Tuesday, July 28, 2009

US and China talks "unparalleled"

This news item gives me pause for thought:

"US and China talks "unparalleled"
July 28, 2009 Secretary of State Hillary Clinton said the US and China have agreed to cooperate on difficult foreign policy problems such as North Korea and Iran's nuclear programmes as well as counter-terror and climate change.
Mrs Clinton described as unparalleled the range of issues discussed between US officials and Chinese envoys during two days of high-level talks this week.
She also conceded that on human rights both sides had candid and respectful exchanges"

There have been some indications in recent months that China is edging away from supporting the incompetent régimes it is allied to in Burma and North Korea in favour of Aung San Suu Kyi in Burma and less ideological political factions in North Korea that could prove to be more responsible in conforming to international norms of governance and international relations. Now it appears that China and the U.S. have just completed their most frank, productive, and collaborative consultations on bilateral and multilateral relations since China and the U.S. established diplomatic relations in 1979. I feel a sense of cautious optimism as to how this will develop in the months and years ahead. That being said my cautious optimism with regard to Chinese Communist Government intentions has been proven misplaced many times before. But nevertheless I remain realistically hopeful. Best to be neither naive nor the intractable cynic.

Thursday, July 23, 2009

New U.S. Ambassador to China on HR Dialogue in Senate Hearing

Utah Gov. Jon Huntsman spoke to U.S. Senate Foreign Relations Committeeon Thursday. At the hearing he indicated:
"I look forward to a robust engagement with China on human rights," said Huntsman, who was a Mormon missionary in China in his youth and speaks fluent Mandarin Chinese.
He said human rights has been "an on-again, off-again discussion" between the U.S. and China. He said he'd like to "regularize and systematize" human rights talks "so that it isn't a once a year discussion where the talking points are pulled out and then dispensed with.
After the hearing, Huntsman was mobbed by Chinese news media. He answered their questions in Mandarin."


Sunday, July 19, 2009

Pidgin Uyghur Highway Signs and Tragedy of Han Ignorance

I strongly recommend these two articles on Xinjiang:

1. http://www.foreignpolicy.com/articles/2009/07/09/how_china_wins_and_loses_xinjiang

2. http://www.nytimes.com/2009/07/11/world/asia/11xinjiang.html

While I don't see any simple solution to the problem of incompatible competing ethnic nationalisms, it seems to me that the Government in Beijing could do much better in extending Uyghurs genuine respect and dignity.  This could ease the anger and resentment that many Uyghurs feel.  The current bungling heavy handed and ignorant Chinese Government policies in Xinjiang clearly only exacerbate deeply held sensitivities on both sides.  I thank God that in Canada our major ethnic cleavage between anglophones and francophones is managed by Governments in such a way that today we see little violent expression of historical resentments.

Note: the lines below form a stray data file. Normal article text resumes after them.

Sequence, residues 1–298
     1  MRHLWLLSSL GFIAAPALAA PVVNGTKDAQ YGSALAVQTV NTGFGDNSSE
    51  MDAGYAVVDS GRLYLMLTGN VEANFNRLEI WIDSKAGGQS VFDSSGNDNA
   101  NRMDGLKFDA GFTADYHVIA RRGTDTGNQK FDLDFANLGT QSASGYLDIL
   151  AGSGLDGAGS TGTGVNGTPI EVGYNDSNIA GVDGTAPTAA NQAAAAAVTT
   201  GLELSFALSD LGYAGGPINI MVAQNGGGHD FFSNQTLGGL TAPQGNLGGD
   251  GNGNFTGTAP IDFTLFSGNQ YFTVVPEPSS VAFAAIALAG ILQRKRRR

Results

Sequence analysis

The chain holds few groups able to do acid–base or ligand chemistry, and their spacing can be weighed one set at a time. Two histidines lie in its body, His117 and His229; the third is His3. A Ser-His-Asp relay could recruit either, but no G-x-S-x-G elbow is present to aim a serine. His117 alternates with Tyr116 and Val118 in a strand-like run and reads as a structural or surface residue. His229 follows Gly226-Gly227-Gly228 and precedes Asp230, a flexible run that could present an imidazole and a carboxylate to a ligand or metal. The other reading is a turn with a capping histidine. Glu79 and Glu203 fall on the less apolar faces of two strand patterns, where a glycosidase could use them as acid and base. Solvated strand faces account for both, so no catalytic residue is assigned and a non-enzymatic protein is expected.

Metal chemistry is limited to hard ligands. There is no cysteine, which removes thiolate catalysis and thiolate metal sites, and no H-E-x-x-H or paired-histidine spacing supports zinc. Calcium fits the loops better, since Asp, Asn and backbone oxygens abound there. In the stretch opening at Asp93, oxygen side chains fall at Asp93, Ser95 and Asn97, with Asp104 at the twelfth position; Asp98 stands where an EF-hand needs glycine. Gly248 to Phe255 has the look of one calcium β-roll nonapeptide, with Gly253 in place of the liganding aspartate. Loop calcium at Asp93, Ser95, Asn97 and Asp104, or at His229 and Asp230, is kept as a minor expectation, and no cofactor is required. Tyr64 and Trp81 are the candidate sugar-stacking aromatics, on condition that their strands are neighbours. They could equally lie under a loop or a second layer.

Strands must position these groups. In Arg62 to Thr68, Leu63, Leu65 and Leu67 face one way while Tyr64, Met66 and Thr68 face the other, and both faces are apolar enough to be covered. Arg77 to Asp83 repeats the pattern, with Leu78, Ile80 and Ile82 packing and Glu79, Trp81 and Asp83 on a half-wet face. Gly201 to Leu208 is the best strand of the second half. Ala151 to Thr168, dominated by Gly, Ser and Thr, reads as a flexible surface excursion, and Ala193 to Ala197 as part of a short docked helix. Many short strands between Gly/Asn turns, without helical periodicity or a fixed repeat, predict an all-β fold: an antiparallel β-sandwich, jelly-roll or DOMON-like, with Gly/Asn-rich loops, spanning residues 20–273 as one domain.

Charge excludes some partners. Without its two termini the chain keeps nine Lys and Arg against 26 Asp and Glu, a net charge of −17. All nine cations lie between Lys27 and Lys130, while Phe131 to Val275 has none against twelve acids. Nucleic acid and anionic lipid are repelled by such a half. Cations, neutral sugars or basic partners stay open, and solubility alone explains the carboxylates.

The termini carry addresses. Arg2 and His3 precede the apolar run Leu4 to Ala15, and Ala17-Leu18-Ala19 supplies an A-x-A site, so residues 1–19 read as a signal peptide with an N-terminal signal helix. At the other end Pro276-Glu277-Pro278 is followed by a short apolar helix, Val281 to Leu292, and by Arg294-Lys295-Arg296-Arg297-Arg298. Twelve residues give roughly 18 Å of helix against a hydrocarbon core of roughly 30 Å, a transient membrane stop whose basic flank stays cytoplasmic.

Thursday, July 09, 2009

Fragment from Report on Arrests of Rio Tinto Execs in China

"Chinese authorities on Sunday arrested four Rio Tinto employees, including the group's top iron ore salesman in China, Australian Stern Hu, alleging they were involved in stealing state secrets. The affair has cast a shadow over Australia-China relations.
Australian papers were critical of Rudd on Friday, with most calling it a crisis for his center-left government and pointing to a serious deterioration in Canberra's relationship with its second largest export market.
"There is an air of contempt in the way the Chinese authorities have failed to respond to Australian government requests for information and for consular access to Mr Hu until today," wrote the Australian newspaper's foreign editor, Greg Sheridan.
"What does the much touted Australia-China relationship add up to if Beijing treats Canberra with such conspicuous discourtesy and indifference?" Sheridan wrote.
Rudd said Australian diplomats had made "strong" representations to Chinese officials and diplomats from the Beijing embassy were expected to gain consular access to Hu later on Friday."


Tuesday, July 07, 2009

Tragedy in Xinjiang

Similar to the situation in Tibet, the source of the ongoing conflict in Xinjiang is that the Han and the Uyghurs have incompatible interpretations of the history of the same territory.  The Han are passionate that Xinjiang is an integral part of their sacred Chinese Motherland.  The Uyghurs with equal passion see their East Turkestan homeland as illegitimately colonized by a foreign power.  This is a question of recognition of identity, the stuff of men's souls.  People are irrationally ready to sacrifice their lives for genuine recognition of their religious and cultural ethnicity and to assert the political destiny of their national identity.

China's policy has been to engender economic development in Xinjiang as a means to bring the Uyghurs into the great project of China's Han-led rise.  But exactly contrary to the Chinese Communist Party's expectations, the more Uyghurs achieve middle class standards of living, the more Uyghur nationalistic they are likely to become.

In the meantime the level of anger reaches a fever pitch and violence ensues and there is terribly bloody death and destruction.